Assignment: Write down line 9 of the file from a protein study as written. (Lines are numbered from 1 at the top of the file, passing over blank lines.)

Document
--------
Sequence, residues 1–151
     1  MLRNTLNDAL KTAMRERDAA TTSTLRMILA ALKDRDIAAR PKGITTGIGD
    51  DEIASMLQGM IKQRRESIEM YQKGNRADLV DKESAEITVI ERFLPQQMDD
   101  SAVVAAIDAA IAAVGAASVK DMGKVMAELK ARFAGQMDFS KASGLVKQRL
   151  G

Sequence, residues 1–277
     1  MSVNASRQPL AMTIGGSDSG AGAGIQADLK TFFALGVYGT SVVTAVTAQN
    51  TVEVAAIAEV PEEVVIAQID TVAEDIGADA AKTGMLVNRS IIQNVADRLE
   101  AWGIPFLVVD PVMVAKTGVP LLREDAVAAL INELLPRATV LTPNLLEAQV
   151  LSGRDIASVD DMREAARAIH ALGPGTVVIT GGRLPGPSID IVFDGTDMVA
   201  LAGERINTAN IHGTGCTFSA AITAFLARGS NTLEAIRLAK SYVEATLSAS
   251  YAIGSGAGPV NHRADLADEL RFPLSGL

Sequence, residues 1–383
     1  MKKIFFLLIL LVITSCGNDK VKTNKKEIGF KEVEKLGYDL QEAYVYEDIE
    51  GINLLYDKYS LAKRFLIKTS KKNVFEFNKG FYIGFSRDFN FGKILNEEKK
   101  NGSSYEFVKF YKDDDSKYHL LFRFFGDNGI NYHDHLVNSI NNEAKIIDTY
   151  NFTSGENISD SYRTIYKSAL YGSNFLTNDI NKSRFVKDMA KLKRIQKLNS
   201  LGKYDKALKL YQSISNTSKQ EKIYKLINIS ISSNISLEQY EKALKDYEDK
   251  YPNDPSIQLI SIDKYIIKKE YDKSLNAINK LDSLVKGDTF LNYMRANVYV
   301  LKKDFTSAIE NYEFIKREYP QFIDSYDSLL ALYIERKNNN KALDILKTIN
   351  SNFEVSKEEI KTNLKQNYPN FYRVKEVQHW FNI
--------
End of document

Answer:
   101  AWGIPFLVVD PVMVAKTGVP LLREDAVAAL INELLPRATV LTPNLLEAQV